Announced at WWDC: LibreSSL, TLS 1.3 Beta, New Revocation Checking, & More
Last week Apple hosted their annual WWDC conference for developers. One of the big announcements was the new versions of their operating systems: High Sierra for macOS, iOS 11, tvOS 11, and watchOS 4.
Apple took some time to talk about the improvements they have made to their platforms’ cryptographic libraries and SSL/TLS support.
We have summarized all the changes below. The majority of these were announced at the session “Your Apps and Evolving Network Security Standards.” You can stream that session here (Safari and iOS devices only).
New Certificate Error UI
The certificate error UI has been redesigned in High Sierra’s certificate viewer and in Safari.
In Safari, the new error page has been designed to give a plain-English explanation of the problem without invoking jargon-y words like “Protocol” or “Signature.” There are a few similarities to Chrome’s UI.
The certificate viewer also has more specific messaging. In the screenshot below you can see that a warning is displayed for the specific trust error. In this case, the error reads “This certificate cannot be verified (weak digest algorithm)” because it is signed with SHA-1.
Improved Revocation Checking
Apple unveiled a new revocation checking method for their platforms. It has not been given a proper name, but it operates similar to Mozilla’s OneCRL.
Apple’s method starts by scanning Certificate Transparency logs to discover certificates trusted on their platforms. It then queries the revocation status of discovered certificates from the Certificate Authorities. All the information about revoked certificates is bundled together and automatically distributed to client devices (like Macbooks and iPhones) silently and at regular intervals.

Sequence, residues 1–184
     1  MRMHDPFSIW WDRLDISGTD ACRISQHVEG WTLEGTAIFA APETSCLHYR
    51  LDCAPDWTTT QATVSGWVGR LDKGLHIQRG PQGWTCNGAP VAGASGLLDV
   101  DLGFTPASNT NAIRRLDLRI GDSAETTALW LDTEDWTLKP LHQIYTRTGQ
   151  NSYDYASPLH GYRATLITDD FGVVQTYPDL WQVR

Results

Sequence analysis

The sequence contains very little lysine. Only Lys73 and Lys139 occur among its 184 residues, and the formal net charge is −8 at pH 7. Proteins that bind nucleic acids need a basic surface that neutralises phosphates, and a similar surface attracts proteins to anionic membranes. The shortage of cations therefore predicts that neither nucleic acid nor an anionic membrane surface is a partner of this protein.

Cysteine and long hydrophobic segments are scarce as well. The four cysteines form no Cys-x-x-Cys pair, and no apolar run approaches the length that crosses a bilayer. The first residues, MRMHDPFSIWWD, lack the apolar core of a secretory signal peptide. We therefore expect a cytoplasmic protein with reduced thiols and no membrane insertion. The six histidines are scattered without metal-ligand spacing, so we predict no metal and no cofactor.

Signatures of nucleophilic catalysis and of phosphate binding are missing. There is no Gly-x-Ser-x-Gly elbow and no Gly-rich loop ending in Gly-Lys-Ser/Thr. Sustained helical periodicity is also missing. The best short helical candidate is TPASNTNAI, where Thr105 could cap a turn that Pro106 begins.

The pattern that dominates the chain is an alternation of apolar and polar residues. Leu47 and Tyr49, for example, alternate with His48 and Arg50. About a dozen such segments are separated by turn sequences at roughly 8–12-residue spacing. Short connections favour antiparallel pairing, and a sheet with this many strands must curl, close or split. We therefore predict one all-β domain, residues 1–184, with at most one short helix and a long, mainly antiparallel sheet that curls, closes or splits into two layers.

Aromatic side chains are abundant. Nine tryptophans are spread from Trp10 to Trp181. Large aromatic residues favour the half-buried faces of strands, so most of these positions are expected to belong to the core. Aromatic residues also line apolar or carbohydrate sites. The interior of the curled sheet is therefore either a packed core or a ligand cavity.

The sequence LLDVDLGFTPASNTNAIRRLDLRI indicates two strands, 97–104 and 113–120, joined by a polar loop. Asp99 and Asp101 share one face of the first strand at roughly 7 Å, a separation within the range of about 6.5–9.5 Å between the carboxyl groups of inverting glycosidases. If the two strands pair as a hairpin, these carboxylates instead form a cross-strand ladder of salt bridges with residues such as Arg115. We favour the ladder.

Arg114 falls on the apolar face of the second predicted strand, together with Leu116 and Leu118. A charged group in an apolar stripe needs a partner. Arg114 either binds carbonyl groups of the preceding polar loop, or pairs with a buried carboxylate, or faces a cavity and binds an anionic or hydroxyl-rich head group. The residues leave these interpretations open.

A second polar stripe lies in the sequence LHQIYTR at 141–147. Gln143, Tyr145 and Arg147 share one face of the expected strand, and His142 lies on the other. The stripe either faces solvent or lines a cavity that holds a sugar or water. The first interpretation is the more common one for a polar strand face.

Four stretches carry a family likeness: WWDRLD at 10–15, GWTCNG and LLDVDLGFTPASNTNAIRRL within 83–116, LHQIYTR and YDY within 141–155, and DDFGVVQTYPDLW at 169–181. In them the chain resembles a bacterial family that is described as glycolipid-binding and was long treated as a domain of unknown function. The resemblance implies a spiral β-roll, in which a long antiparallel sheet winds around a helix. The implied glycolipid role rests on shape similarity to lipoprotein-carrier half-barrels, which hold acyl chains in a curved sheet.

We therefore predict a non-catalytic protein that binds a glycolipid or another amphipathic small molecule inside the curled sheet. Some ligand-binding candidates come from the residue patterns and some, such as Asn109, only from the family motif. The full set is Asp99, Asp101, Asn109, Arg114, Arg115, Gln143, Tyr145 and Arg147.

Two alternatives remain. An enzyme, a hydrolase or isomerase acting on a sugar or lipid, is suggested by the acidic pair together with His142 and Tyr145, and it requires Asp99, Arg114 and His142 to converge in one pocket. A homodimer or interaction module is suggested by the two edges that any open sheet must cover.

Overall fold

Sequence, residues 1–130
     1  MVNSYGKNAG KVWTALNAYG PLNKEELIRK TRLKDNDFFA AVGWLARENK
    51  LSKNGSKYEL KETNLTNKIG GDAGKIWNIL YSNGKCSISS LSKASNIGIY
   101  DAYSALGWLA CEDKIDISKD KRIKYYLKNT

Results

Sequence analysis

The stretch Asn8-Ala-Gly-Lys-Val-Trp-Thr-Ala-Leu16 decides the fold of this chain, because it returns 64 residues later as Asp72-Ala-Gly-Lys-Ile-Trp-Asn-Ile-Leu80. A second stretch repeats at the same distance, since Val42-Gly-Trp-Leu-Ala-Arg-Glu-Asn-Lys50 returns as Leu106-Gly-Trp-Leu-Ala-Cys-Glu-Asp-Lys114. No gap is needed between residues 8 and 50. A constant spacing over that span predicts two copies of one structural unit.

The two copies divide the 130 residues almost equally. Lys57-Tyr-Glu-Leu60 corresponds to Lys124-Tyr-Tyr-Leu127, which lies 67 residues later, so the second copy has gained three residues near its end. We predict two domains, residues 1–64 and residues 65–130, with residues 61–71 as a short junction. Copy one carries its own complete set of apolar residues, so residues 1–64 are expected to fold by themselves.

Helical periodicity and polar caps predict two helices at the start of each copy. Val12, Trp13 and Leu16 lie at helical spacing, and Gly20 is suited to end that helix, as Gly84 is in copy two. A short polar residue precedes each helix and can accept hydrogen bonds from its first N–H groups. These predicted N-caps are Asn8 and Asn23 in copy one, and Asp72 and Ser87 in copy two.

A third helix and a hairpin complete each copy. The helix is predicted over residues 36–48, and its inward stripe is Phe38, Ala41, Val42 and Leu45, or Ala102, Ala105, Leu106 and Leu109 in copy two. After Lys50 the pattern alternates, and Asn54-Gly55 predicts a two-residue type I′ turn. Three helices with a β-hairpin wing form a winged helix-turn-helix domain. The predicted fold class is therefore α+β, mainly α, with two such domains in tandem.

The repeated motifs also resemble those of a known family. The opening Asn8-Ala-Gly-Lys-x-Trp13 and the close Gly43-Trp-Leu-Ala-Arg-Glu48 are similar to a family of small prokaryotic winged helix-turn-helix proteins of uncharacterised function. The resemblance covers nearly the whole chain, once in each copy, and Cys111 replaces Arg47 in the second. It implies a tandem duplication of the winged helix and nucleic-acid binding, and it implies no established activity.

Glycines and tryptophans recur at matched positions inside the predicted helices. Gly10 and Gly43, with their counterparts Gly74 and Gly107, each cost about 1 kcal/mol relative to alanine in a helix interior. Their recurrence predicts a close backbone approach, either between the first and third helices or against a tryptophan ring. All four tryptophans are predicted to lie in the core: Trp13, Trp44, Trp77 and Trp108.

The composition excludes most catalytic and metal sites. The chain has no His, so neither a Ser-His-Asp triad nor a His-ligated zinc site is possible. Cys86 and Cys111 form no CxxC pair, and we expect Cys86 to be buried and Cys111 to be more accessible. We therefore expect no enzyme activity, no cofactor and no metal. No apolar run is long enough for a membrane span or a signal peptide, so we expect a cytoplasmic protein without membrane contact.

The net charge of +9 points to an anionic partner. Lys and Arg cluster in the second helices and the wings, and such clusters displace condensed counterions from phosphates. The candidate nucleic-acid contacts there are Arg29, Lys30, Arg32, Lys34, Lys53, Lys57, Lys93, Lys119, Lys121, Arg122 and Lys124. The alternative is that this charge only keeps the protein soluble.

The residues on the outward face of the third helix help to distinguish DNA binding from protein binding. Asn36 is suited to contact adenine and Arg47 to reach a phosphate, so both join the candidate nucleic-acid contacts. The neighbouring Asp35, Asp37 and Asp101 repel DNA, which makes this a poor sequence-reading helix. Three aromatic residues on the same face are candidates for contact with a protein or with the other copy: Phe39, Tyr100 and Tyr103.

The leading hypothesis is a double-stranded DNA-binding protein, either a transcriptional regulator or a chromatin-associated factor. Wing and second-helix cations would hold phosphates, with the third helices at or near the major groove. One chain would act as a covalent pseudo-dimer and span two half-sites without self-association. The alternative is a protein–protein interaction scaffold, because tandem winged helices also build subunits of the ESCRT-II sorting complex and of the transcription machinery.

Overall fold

When a TLS connection is made, the client checks to see if the certificates is marked as revoked in the centralized list. If it is marked as revoked, the client will then perform a live OCSP check to confirm that is accurate. Once confirmed, the client understands the certificate is revoked and refuses to make a connection. If the server provides a stapled OCSP response, it will use that as confirmation instead of performing the live check.
If the certificate is not marked as revoked by the centralized list, then OCSP is not used.
Ditching OpenSSL For LibreSSL
Secure Transport is Apple’s own API for SSL/TLS but it is primarily used for their first-party software. LibreSSL will serve as the SSL library for third-party software.
This was not included in any WWDC sessions but has been observed by High Sierra beta users.
Expanded ATS Exemptions
Chris Wood, Secure Transports Engineer at Apple talked about the adoption and use of App Transport Security (ATS). Wood explained that Apple is expanding support for ATS exemptions after receiving developer feedback that transitioning was taking longer than expected.
Wood noted that Apple is still fully committed to HTTPS via ATS and that developers reliance on these exemptions should be temporary while they work on a proper transition to HTTPS.